Hundreds of Bucks care home staff to lose jobs after missing Covid vaccination deadline

Plenty of key workers didn't get their first dose of a Covid vaccine in time.

Friday, 1st October 2021, 9:45 am
Updated Friday, 1st October 2021, 9:58 am

Hundreds of care home staff in Bucks are set to lose their jobs as they didn't receive their Covid vaccination before the government deadline.

NHS England data analysed by National World shows, out of the 5,325 care home workers in the Bucks council area, 560 didn't get their first dose in time.

The government set a September 16 mandatory deadline for care workers to get jabbed against Covid.

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over 500 Bucks care home workers haven't been vaccinated before the government's deadline

With the expectation that care staff throughout the UK would get their second dosage before November 11, the medically exempt were not required to meet this threshold.

The 560 key workers not vaccinated will be banned from entering residencies and potentially face the sack.

Data accurate up to September 19 shows Bucks to be below the national average for vaccine uptake among care home staff.

Across England 92.3% of care workers have at least received their first dose of a Covid vaccine, the Bucks-wide figure is slightly lower at 89.5%.

Latest available data which doesn't cover this year, had the vacancy rate in the care sector at 9.2% in Bucks.

Bucks' region was the worst when it came to convincing its staff to receive a Covid jab. In the South East 8.3% of staff won't be able to work in care homes after November 11, this percentage is higher than any other part of England.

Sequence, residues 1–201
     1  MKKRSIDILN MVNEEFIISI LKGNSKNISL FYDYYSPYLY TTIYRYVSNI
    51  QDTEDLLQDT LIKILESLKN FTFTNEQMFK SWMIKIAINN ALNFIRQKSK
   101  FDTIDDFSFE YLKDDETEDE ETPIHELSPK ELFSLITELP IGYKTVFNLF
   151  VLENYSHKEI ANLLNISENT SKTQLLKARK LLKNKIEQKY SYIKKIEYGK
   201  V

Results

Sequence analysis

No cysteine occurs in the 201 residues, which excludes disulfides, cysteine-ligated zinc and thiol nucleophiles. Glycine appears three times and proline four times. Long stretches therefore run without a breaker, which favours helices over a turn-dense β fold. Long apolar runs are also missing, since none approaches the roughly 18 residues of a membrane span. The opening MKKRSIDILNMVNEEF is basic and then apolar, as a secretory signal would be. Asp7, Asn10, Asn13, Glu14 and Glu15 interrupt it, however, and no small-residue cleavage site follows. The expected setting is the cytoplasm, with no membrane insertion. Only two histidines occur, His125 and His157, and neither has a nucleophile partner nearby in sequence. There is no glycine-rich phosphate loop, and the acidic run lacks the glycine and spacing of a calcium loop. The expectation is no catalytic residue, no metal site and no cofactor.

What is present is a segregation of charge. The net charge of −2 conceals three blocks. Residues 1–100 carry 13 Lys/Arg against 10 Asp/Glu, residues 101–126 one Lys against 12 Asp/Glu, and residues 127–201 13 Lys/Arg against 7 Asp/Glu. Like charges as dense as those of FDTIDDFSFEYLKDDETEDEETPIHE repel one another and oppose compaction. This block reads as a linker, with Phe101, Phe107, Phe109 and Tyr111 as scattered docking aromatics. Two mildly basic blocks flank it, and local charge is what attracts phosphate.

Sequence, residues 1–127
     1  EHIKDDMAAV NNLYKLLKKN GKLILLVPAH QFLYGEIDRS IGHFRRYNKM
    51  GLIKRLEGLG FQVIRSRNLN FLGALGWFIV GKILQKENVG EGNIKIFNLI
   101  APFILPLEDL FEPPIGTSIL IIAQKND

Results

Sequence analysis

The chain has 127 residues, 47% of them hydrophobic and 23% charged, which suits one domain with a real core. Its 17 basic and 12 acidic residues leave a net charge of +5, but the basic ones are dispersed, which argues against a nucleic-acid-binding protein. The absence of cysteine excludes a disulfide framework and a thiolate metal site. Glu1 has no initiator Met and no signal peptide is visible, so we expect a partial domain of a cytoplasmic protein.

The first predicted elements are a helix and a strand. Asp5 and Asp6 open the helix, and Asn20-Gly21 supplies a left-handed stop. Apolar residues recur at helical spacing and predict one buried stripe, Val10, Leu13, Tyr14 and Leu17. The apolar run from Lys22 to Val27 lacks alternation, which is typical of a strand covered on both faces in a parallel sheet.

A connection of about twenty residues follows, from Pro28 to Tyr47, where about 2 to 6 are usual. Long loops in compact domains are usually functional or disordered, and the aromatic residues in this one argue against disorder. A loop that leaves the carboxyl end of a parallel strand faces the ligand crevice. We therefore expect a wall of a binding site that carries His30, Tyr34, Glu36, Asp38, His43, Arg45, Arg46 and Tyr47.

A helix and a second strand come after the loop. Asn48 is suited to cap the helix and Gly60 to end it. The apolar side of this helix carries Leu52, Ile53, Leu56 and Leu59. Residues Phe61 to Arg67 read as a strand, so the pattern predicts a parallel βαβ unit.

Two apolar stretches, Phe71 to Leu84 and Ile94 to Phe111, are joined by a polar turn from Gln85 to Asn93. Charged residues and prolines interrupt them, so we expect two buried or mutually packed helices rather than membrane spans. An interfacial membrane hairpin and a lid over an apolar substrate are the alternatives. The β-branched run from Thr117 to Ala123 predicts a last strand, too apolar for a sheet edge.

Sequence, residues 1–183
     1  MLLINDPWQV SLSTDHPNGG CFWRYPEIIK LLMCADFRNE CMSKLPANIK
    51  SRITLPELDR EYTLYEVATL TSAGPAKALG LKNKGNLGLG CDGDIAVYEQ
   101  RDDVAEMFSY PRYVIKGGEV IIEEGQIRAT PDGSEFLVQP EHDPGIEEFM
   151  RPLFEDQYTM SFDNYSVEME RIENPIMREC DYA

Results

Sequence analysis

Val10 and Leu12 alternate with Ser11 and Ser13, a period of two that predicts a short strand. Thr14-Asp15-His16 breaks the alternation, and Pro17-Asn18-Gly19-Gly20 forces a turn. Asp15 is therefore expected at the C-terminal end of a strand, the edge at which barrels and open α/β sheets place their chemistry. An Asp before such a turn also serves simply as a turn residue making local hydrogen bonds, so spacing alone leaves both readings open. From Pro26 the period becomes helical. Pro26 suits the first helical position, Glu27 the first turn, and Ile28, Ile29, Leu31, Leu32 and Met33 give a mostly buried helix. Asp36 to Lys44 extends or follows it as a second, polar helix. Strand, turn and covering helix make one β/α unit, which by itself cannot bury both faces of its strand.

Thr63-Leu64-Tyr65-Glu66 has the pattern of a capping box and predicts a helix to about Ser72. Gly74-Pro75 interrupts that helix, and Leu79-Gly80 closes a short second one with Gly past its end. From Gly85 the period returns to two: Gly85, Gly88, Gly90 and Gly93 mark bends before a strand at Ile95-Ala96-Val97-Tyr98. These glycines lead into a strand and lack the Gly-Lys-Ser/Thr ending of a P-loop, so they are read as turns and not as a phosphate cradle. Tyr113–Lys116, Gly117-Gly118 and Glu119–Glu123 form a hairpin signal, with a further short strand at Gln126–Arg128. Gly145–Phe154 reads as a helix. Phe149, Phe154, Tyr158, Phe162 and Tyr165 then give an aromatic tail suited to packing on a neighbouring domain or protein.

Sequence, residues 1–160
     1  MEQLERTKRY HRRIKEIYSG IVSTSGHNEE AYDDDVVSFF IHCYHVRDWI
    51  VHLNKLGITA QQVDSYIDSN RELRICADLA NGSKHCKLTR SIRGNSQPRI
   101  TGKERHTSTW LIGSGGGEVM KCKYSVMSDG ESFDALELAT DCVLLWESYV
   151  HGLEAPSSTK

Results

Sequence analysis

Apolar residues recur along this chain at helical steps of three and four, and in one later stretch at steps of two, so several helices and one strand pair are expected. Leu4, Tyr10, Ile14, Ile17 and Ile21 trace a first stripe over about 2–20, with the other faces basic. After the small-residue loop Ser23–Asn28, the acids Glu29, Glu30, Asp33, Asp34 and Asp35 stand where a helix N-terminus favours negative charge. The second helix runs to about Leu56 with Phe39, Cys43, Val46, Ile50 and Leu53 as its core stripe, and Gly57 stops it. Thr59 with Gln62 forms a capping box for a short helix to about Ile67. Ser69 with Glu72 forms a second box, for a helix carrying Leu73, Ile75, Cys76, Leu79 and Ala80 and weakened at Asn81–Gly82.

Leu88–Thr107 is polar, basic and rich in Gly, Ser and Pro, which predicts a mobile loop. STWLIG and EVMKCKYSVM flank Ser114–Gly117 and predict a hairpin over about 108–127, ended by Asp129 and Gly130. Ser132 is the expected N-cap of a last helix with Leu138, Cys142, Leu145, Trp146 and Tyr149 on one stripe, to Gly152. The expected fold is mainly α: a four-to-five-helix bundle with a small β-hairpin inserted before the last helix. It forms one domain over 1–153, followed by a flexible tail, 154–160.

Overall the NHS England data suggests 42,698 people could face the sack.

Trade union, Unison, has criticised the mandate, general secretary, Christina McAnea said: “Everyone that can have the vaccine, should have the vaccine. But the government has persisted with a heavy-handed approach despite warnings from care employers of the dire consequences.

“This move is damaging a sector already on its knees and undermining trust in the vaccine. If roles can’t be filled, the level and volume of care offered will be reduced. Vaccine-hesitant staff must be offered reassurance and persuasion, not threats and ultimatums.

“Instead of encouraging much-needed recruitment into care, the government is actively driving experienced staff away. It’s not too late for ministers to admit the error of their ways and bring care back from the precipice.”

When the mandate was announced in August, a government spokesperson stated that providers should “explore all options” to redeploy unvaccinated staff elsewhere, before authorising termination of contracts.

The vaccination figures quoted include both permanent and agency staff employed by independent and local authority-run care homes for people aged 65 and over, and independent care homes for adults aged under 65.

Any staff employed directly by councils in younger adult care homes are missing from the figures – but the vast majority of care staff in England work for independent providers.

Care England, which represents providers, warned earlier this month that the sector was “at breaking point” over recruitment and retention – even before the loss of unvaccinated workers.

Chief executive Professor Martin Green said: “The writing is on the wall and without immediate help, as given to the NHS, the social care sector will crumple and not be there to support the NHS over the winter let alone in years to come”.

A spokesperson for the Department for Health and Social Care told National World: “Our message is clear: vaccines save lives and it is our responsibility to do everything we can to reduce the risk for vulnerable people in care homes.

“We are working closely with local authorities and care home providers to ensure there will always be enough staff with the right skills to deliver high quality care.”